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U.S. Yoga Injuries Increasing

by Shirley Archer, JD, MA on Jun 13, 2017

Making News

Yoga injuries in the United States are on the rise, particularly among older adults, according to data from hospital emergency rooms nationwide. Researchers from the Center for Injury Sciences at the University of Alabama in Birmingham (UAB), Alabama, examined data from 2001 to 2014 to establish the injury risk involved in yoga participation.

Data analysis revealed that the injury rate overall among adult participants increased from 10 for every 100,000 yoga practitioners in 2001 to 17 per 100,000 practitioners in 2014. However, when looking at specific age groups, the data told a more varied story. Among those aged 18–44, the injury rate rose from 10 per 100,000 to 12. For those 45–64, the rate jumped from 10 to 18. But for those aged 65 and older, the injury rate increased 8 times—from 7 per 100,000 in 2001 to 58 in 2014.

These figures do not capture all injuries. The data included only emergency- room incidents reported as yoga-related and did not count those classified under “sport or recreational activity not listed elsewhere.” Additionally, many other injuries may have been resolved by doctors or self-treated by individuals.

During the time frame examined, an estimated 29,590 yoga-related injuries led to emergency-room visits. Almost half were trunk injuries; 45% were sprains or strains. “The incidence of fracture was highest in the older population,” said lead study author Thomas Swain, MPH, in a UAB news release. “Yoga is harder and more demanding than some people believe,” said co-author Gerald McGwin, PhD, director of the Center for Injury Sciences, in the same news release. “You need a realistic view of your own abilities and you need to understand that some poses might be too challenging and inappropriate. A qualified, certified yoga instructor can help you with that assessment and is essential to a safe experience.”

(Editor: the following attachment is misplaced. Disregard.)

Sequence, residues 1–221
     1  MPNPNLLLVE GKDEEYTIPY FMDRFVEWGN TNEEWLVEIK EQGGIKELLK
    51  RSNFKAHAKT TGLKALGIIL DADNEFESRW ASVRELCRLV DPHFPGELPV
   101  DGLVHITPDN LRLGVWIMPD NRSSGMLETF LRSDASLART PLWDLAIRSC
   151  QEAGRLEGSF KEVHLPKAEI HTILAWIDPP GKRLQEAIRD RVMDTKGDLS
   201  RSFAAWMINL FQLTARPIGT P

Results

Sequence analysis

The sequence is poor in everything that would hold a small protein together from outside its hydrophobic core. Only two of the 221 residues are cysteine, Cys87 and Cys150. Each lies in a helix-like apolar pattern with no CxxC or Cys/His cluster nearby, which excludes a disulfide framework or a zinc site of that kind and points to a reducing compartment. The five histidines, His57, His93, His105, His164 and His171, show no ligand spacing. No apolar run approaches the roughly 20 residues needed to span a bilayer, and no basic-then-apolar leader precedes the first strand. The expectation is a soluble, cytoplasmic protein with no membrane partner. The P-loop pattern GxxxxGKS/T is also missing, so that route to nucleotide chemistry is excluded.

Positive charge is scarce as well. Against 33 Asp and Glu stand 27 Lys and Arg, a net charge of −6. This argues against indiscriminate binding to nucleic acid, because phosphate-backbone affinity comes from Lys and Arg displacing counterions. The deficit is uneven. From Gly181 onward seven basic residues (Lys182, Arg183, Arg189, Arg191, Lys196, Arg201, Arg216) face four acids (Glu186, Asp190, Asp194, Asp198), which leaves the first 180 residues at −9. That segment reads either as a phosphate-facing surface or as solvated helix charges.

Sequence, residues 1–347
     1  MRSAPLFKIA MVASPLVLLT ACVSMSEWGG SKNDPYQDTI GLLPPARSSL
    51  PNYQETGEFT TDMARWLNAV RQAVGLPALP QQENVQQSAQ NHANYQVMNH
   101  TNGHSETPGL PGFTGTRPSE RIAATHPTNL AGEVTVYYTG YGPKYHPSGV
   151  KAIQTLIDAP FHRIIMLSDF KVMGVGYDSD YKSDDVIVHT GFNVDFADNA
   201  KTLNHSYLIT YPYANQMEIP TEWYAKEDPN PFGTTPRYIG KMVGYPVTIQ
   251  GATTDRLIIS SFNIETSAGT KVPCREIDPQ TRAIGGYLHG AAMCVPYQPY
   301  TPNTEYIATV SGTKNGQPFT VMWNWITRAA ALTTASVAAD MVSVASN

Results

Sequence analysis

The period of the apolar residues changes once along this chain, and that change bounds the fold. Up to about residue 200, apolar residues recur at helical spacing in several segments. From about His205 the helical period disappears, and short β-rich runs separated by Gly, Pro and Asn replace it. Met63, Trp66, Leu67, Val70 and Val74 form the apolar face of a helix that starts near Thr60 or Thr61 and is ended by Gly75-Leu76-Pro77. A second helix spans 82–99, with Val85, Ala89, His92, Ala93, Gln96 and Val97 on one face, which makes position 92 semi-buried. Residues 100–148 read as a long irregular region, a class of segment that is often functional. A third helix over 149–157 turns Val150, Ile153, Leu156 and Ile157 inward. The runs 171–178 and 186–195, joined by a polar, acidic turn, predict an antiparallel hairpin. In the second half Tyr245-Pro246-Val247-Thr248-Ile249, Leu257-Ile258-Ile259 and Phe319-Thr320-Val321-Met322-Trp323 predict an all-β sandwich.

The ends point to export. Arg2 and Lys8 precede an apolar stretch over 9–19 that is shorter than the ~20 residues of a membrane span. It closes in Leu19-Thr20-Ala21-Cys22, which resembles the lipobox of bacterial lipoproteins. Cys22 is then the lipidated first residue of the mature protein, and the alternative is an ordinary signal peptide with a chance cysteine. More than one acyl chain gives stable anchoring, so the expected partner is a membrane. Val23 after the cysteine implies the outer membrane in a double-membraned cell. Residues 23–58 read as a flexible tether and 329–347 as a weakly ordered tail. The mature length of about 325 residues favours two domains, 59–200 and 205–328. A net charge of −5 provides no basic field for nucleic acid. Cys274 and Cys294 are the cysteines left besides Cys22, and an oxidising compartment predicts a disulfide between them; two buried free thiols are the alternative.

Since injuries increased among all age groups, a lack of qualified instructors may have been a contributing factor, the researchers observed. They further proposed the creation of national standards for yoga instructor certification and urged more aggressive training in safety and injury prevention.

“There are many benefits to yoga, and overall our findings show it is relatively safe,” said McGwin. “But, there is an injury risk, especially for older populations, and that risk should not be ignored.”

The study is open access and was published in The Orthopaedic Journal of Sports Medicine (2016; doi: 10.1177/2325967116671703).

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About the Author

Shirley Archer, JD, MA

Shirley Archer, JD, MA IDEA Author/Presenter

Shirley Archer, JD, MA, was the 2008 IDEA Fitness Instructor of the Year and is IDEA's mind-body-spirit spokesperson. She is a certified yoga and Pilates teacher and an award-winning author based in Los Angeles, California, and Zurich, Switzerland. Two of her books, The Walking Deck and The Strength and Toning Deck, are now featured as iPhone apps. Contact her at www.shirleyarcher.com.